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5 iconic Singapore hotels with a colonial heritage

Heritage meets luxury at these hotels built during Singapore's colonial era

Goodwood Park Hotel

The distinguished Goodwood Park boasts a deeply romantic castle-style tower and a rich history. Built in 1900 as the Teutonia Club, an exclusive retreat for German expats, it became a hotel in 1929. The grounds were also later used for war crimes trials after World War II. It still has a majestic air, with elegant columns and classical archways, and rooms are mostly done up in the tropical colonial shades of cream and beige. Highlights include the wooden-shuttered poolside suites, and classy Sichuan restaurant Min Jiang. High-rollers stay in the aristocratic Brunei Suite, which is all things luxurious and most of all, only accessible by its own private lift. How’s that for exclusivity?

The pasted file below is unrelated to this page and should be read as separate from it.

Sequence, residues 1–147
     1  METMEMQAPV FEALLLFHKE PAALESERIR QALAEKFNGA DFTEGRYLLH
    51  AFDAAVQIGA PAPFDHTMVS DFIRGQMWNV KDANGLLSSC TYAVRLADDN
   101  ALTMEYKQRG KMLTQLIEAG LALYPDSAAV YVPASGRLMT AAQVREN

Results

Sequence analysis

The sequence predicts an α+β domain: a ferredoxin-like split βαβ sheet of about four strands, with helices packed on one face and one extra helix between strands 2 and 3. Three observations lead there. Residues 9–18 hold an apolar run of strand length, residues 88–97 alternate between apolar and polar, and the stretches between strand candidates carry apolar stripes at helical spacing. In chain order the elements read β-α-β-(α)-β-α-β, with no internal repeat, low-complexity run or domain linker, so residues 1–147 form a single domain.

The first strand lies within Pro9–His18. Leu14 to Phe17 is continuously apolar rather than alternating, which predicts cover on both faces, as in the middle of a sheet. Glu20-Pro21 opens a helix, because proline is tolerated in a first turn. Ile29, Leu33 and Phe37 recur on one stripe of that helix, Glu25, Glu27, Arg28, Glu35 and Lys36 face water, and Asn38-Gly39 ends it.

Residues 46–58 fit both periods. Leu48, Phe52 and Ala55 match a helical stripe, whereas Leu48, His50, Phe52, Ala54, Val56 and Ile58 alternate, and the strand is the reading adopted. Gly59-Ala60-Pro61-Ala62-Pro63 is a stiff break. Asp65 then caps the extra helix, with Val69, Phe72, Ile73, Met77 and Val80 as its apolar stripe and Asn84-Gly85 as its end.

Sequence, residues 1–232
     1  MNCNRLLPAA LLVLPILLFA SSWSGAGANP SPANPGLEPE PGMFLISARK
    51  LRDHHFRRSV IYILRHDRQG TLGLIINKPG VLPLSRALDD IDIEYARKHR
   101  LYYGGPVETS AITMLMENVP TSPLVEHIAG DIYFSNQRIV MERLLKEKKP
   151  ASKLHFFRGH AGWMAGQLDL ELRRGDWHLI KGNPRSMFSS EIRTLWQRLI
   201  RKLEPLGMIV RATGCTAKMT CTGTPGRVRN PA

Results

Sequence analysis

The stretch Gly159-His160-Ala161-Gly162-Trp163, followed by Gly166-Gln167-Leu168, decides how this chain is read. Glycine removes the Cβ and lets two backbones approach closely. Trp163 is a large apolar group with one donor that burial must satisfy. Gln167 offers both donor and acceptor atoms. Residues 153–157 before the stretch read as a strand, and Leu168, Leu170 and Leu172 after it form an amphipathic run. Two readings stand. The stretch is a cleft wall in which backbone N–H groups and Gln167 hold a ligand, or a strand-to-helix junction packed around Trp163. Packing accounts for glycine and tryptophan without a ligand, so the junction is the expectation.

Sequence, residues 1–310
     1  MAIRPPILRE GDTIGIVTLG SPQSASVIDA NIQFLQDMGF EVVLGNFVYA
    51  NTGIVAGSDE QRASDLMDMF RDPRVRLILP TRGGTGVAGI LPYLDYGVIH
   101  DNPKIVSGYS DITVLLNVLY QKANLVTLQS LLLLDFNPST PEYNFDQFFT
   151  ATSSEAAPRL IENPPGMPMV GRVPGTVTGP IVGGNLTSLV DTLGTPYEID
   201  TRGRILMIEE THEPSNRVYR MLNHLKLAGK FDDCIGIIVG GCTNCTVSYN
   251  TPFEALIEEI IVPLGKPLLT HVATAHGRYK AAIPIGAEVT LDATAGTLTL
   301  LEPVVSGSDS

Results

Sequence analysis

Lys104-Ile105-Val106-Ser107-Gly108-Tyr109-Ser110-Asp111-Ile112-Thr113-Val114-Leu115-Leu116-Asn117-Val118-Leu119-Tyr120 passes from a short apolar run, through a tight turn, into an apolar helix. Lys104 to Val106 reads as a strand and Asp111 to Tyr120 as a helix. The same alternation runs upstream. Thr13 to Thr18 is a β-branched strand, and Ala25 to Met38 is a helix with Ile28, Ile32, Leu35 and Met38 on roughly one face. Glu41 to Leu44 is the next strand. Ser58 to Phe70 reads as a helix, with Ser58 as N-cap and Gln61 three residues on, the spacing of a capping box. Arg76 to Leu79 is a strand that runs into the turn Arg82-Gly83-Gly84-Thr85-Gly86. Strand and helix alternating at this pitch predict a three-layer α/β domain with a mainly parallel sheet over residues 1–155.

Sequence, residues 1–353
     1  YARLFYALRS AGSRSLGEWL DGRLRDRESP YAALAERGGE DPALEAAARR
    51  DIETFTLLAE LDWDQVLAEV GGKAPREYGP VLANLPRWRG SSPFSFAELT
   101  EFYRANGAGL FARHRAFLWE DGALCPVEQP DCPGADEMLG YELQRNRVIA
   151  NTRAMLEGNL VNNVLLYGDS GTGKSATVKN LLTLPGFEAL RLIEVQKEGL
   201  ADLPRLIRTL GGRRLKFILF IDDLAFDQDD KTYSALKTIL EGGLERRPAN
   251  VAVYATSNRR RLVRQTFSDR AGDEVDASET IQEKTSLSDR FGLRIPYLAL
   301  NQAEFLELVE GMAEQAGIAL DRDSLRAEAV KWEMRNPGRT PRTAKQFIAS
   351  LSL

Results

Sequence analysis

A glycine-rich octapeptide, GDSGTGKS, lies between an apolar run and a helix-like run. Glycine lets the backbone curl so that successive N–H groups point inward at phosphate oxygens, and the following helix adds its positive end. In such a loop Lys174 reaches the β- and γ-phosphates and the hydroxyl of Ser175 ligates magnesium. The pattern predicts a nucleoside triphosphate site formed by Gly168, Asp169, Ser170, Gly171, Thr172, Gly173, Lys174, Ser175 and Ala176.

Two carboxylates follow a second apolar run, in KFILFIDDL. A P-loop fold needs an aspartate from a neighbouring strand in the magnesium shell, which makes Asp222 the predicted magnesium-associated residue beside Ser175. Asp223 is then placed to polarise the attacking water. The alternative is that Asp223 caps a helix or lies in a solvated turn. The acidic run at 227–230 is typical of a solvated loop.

The Fullerton Hotel

Originally designed as an office building that was home to the General Post Office and various government departments, The Fullerton was acquired by a Hong Kong company in 1997 and reopened as a luxury hotel in 2001. The Palladian building is a striking landmark on the edge of the Singapore River. Inside, the soaring atrium makes the most of the unusual wedge-shaped floorplan. The room aesthetics are cool, clean and serene; all come with the latest gizmos and gadgets for staying connected. Only some of the award-winning hotel’s 400 rooms offer unobstructed views of the city, so be sure to request for one when booking. Otherwise, feel free to soak in the view from the 25m rooftop infinity pool.